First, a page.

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EACEA National Policies Platform


4. Social Inclusion

4.1 General context

Last update: 24 March 2022
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  1. Main challenges to social inclusion
  2. Main concept

Key challenges to social inclusion

ISTAT’s report "Poverty in Italy 2020" published estimates of absolute and relative poverty, based on data from the household consumption expenditure survey.

In 2020, just over two million families (7.7% of the total, 6.4% in 2019) and over 5.6 million individuals (9.4% from 7.7%) are in absolute poverty. After the improvement in 2019, absolute poverty increased in the year of the pandemic, reaching the highest level since 2005 (the beginning of the historical series). As for relative poverty, families below the threshold are just over 2.6 million (10.1%, from 11.4% in 2019).

The value of the intensity of absolute poverty - which measures in percentage terms how much the monthly expenditure of poor families is below the poverty line (on average) - records a reduction (from 20.3 % to 18.7%) in all geographical areas. This dynamic is also the result of the measures put in place to support citizens (citizenship income, emergency income, extension of the redundancy fund, etc.) which have allowed families in economic difficulty - both those who have fallen below the poverty line in the 2020 and those who were already poor - to maintain a consumer spending not very far from the poverty line.

Also in terms of individuals, the North recorded the most marked increase, with the incidence of absolute poverty going from 6.8% to 9.3% (10.1% in the North-west, 8.2% in the North -East). Thus, there are over 2 million 500 thousand absolute poor residing in the Northern regions (45.6% of the total, distributed in 63% in the North-West and 37% in the North-East) against 2 million 259 thousand in the South (40.3 % of the total, of which 72% in the South and 28% in the Islands). In the latter division, the incidence of individual poverty rose to 11.1% (11.7% in the South, 9.8% in the Islands) from 10.1% in 2019; in the Centre, on the other hand, it was 6.6% (from 5.6% in 2019).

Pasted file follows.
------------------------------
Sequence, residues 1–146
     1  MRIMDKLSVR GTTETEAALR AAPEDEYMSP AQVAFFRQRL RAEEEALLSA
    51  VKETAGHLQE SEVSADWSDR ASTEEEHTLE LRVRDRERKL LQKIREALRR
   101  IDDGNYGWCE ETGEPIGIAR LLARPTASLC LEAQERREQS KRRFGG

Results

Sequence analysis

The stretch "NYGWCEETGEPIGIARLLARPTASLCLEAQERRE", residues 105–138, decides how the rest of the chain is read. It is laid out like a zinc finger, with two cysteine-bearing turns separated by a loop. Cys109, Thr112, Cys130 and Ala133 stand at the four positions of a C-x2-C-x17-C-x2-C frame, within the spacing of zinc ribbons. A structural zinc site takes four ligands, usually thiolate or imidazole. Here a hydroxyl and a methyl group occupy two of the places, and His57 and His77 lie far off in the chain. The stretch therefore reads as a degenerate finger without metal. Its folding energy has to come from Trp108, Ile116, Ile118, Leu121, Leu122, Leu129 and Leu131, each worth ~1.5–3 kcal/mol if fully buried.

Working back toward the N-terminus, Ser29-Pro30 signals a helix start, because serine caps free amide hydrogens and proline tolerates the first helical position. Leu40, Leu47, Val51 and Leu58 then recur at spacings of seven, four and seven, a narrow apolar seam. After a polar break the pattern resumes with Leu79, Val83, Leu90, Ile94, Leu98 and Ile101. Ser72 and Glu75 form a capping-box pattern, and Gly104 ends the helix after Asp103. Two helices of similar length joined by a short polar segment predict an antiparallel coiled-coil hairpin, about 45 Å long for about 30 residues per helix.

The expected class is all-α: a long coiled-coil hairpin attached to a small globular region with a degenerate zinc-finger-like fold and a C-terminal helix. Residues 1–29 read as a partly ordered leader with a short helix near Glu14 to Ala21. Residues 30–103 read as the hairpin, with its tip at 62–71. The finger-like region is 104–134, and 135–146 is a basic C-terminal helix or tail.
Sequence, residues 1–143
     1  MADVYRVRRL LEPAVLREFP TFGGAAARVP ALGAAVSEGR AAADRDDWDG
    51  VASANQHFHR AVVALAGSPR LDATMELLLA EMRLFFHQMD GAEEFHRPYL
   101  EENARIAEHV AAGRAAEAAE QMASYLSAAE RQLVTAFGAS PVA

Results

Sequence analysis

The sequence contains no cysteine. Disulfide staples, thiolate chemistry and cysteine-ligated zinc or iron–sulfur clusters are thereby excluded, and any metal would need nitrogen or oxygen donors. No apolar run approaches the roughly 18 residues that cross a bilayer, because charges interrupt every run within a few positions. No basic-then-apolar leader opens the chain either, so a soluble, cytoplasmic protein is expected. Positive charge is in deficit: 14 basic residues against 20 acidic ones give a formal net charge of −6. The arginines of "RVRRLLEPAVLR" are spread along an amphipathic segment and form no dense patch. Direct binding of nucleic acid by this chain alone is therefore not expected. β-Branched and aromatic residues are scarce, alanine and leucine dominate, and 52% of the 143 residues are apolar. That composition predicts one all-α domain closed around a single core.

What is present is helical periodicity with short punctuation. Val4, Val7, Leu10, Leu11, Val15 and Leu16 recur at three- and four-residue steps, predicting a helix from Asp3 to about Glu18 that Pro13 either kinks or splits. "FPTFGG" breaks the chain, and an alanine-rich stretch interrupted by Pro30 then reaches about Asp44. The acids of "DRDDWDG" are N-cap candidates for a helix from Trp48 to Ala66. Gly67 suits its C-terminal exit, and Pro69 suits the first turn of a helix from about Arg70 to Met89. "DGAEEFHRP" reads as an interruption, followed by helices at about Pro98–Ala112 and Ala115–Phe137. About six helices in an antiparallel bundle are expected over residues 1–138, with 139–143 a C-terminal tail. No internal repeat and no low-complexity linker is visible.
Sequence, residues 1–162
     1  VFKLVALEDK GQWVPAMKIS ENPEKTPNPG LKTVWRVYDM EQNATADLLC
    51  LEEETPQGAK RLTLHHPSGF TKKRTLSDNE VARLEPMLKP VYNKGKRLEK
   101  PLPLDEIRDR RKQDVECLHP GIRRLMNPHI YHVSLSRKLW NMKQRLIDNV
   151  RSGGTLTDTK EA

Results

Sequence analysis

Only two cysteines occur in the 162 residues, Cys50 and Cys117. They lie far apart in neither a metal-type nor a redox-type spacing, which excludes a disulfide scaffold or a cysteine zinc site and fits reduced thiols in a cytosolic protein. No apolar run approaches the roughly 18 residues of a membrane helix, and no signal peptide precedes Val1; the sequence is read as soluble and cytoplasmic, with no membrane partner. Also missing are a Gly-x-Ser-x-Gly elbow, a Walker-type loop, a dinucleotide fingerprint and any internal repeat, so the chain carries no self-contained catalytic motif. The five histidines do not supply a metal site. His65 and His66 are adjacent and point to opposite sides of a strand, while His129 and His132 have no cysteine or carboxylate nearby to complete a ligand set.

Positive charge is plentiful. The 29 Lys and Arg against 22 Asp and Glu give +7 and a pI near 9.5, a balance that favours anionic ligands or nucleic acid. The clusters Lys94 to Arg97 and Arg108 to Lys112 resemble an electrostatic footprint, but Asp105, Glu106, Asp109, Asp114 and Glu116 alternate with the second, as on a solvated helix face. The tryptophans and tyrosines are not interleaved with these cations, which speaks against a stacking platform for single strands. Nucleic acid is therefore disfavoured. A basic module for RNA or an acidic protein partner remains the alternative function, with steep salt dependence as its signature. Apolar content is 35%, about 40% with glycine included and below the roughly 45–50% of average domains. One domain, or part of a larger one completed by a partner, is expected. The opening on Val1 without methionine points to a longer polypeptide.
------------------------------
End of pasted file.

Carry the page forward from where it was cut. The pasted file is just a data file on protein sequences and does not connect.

By age group, the incidence of absolute poverty reaches 11.3% (over 1 million 127 thousand individuals) among young people (18-34 years); remains on a high level, at 9.2%, even for the 35-64 age group (over 2 million 394 thousand individuals), while it remains below the national average for the over 65s (5.4%, over 742 thousand people).

Compared to 2019, the share of poor families grows nationally in all types of municipalities, although with some differences at the geographical level: in the North it increases - from 6.1% to 7.8% - in municipalities up to 50 thousand inhabitants (different from the suburban municipalities of the metropolitan area) and in the suburban municipalities of the metropolitan areas and municipalities with 50,001 inhabitants (from 4.8% to 7.0%). In the Centre, the conditions of families residing in the metropolitan area centres are worsening, with an incidence that goes from 2.0% to 3.7% while in the South the incidence of poverty increases, from 7.6% to 9.2% %, in municipalities with up to 50 thousand inhabitants (other than municipalities on the outskirts of the metropolitan area).


In general, family poverty shows a decreasing trend with the increase of the age of the reference person; generally the families of young people have lower spending capacity because they have lower average incomes and have fewer savings or inherited assets accumulated over the course of their lives.

Absolute poverty concerns 10.3% of families with a reference person between 18 and 34 years of age and 5.3% of those with a reference person over 64 years of age. Compared to 2019, the incidence of poverty increases among families with a reference person aged 35-44 (from 8.3% to 10.7%) and among those in which the reference person is between 45 and 54 years old ( from 6.9% to 9.9%).

Poverty also decreases with the increase in education. If the reference person has obtained at least the upper secondary school diploma, the incidence is equal to 4.4% while it stands at 10.9% if they have a middle school diploma.